Nissan Motor Co is working on a plan to scale back its European business, focusing on sport utility and commercial vehicles as well as more effective sharing of products and investments with partner Renault, three sources told Reuters.
The strategy, part of a three-year global turnaround plan due to be unveiled on May 28, would see the Japanese carmaker’s plant in Sunderland, northeast England, switch permanently to two daily shifts from three, but become a key hub for SUVs.
It could also see the company’s Barcelona factory in Spain close, putting around 3,000 jobs at risk, said the sources with knowledge of the plan, who declined to be named because they are not authorized to speak to the media.
Central to the proposal is a new way of working with alliance partner Renault that would see the two companies divide up areas of responsibility, with one becoming the “leader” and the other the “follower” in each.
Renault and Nissan have long struggled to achieved the full potential of their alliance, due in part to tensions over areas of control.
Relations were then strained to almost breaking point in November 2018 when the alliance’s long-standing boss, Carlos Ghosn, was arrested in Japan on financial misconduct charges, which he denies.
Nissan’s sales and profits have been sliding ever since, and the hammer blow to the global car industry from the coronavirus epidemic has only added to the urgency for the company to come up with a strategy to secure its future. Renault is also working on its own restructuring plan.
The sources said Nissan’s plan for Europe was presented to the company’s board on Thursday by chief operating officer Ashwani Gupta, who they said was the leading advocate and key architect of the new leader-follower model.
They added many on the board, whose 12 members include Renault Chairman Jean-Dominique Senard, showed support for the plan, without giving details.
Nissan declined to comment. Renault did not immediately respond to requests for comment.
Europe has long been a difficult market for auto makers due to overcapacity, stiff competition and tight regulations. General Motors quit the region in 2017.
Europe accounts for only about one-tenth of Nissan’s global business by volume and has “little prospects for growth and profitability,” as one insider put it.
However, the company is keen to maintain a presence in the region, albeit a reduced one.
“We need to be in Europe to keep up with regulations and keep our technology competitive, even though we cannot go for exponential growth,” one of the sources said.
Under the new working relationship with Renault, Nissan would take the lead in Europe on crossover SUVs, which the sources said would be available in gasoline engine, hybrid and all electric battery versions.
It would operate as a “follower” in commercial vans and small city cars, using versions of vehicles produced by Renault.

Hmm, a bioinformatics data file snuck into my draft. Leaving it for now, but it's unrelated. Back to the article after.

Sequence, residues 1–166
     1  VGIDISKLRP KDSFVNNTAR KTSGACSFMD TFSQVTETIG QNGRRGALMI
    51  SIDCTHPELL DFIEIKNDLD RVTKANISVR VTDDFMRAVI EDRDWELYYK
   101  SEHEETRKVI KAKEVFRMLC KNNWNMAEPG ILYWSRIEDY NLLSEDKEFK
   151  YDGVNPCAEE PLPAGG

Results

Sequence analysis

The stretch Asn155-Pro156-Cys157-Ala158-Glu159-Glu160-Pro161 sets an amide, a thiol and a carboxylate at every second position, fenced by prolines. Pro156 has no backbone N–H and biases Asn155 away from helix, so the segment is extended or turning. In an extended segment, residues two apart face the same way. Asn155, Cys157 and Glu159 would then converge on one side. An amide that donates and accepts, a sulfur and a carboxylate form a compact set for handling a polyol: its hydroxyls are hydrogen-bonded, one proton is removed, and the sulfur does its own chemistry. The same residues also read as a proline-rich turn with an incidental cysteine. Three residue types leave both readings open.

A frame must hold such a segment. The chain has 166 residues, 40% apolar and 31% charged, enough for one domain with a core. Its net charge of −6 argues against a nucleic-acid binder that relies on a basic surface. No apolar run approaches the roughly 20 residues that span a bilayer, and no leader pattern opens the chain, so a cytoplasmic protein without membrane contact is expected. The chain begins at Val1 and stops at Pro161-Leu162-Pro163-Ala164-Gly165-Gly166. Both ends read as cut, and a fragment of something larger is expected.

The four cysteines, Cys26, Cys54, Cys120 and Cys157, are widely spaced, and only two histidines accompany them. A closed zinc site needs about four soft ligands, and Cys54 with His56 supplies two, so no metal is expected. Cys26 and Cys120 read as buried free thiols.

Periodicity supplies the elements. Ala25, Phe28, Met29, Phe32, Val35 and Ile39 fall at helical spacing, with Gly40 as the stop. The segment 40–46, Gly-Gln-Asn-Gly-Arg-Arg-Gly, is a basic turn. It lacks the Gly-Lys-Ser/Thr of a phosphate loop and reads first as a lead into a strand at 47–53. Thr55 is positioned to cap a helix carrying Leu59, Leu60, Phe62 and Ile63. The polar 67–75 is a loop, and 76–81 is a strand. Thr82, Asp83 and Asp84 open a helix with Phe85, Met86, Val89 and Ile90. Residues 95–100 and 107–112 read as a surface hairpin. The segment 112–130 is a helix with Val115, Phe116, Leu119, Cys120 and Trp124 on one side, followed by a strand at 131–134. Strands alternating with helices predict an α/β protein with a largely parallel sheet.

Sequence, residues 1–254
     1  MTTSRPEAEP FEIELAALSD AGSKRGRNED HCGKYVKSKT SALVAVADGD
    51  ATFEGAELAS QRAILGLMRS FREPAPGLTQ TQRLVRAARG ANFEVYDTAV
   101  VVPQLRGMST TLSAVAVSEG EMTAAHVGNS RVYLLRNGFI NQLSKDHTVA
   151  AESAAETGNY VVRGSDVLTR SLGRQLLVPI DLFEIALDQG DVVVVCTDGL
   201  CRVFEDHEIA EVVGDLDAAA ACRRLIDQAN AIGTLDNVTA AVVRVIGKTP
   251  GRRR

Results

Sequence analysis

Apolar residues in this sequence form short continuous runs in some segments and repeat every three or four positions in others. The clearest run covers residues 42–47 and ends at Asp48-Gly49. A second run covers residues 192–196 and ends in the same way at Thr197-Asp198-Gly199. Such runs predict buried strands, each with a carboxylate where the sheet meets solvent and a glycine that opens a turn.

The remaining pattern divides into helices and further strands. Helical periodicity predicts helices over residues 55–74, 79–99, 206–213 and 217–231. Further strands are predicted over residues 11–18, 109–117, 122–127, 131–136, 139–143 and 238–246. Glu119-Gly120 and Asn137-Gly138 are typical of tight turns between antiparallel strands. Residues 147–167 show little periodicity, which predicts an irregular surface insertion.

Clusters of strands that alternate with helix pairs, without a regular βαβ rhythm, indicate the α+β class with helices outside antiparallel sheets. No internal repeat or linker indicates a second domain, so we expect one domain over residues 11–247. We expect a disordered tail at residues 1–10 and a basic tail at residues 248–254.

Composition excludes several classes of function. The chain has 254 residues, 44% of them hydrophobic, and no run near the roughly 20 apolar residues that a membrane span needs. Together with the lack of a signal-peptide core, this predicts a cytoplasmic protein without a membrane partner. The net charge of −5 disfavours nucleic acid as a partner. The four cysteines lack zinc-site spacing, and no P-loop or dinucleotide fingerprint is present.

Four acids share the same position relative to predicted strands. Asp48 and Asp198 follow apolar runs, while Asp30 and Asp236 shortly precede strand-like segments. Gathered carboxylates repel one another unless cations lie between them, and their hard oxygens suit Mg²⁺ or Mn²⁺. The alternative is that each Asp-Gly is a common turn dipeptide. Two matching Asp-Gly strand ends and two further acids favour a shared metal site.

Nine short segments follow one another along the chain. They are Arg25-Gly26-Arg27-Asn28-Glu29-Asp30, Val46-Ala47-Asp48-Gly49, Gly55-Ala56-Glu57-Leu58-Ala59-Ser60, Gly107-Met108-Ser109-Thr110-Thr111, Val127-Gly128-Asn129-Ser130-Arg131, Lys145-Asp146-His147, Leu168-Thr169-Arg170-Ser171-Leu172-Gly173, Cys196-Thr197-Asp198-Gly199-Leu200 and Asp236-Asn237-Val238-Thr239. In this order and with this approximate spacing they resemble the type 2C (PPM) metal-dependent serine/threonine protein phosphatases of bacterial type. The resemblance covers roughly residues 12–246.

The arrangement would allow the two partners to share technologies and manufacturing capacity, while keeping advanced technology and product development separate from each other to “keep our design, engineering and brands distinctive from each other,” one of the sources said.
That is an attempt to resolve a major source of tension under Ghosn, who sought to cut costs equally at the partners as well as merge new technology and product R&D. Many at Nissan viewed the move as an effort by Renault to ride free on what they believe are Nissan’s superior engineering capabilities.
In terms of models, Nissan’s main products in Europe would be narrowed to the Qashqai and the Juke, both locally produced crossover SUVs, plus the X-Trail SUV and the Ariya, a battery electric crossover due to hit the market soon, shipped to Europe from Japan, the sources said.
Likely out would be the sporty Z and GT-R models, as well as the Navara pickup truck made in Barcelona, they said.
The product line would be supplemented by some of Renault-produced commercial vans and micro cars to give the brand scale and provide dealers with enough vehicles.
Nissan’s Sunderland plant would become the hub for the Qashqai and Juke SUVs, and could also produce their Renault counterparts, the Kadjar and Capture respectively, although no decision on that is expected imminently, the sources said.
The Sunderland factory has been operating below capacity and with a cloud over its future due to Britain’s departure from the European Union.
One of the sources said the plan for the plant depended on the new trading relationship agreed between London and Brussels, but that Nissan expected the U.K. government to adopt supportive policies.
In forging the new relationship with Renault, Nissan’s Gupta is adapting and expanding a business model he began developing when leading the French group’s light commercial vehicles unit.
The Indian-born executive revived the unit and then created a leader/follower arrangement with Nissan’s commercial vehicle business that saw the Japanese group building vans using Renault’s vehicle underpinning technologies and Nissan providing the French group with technologies for pickup trucks.
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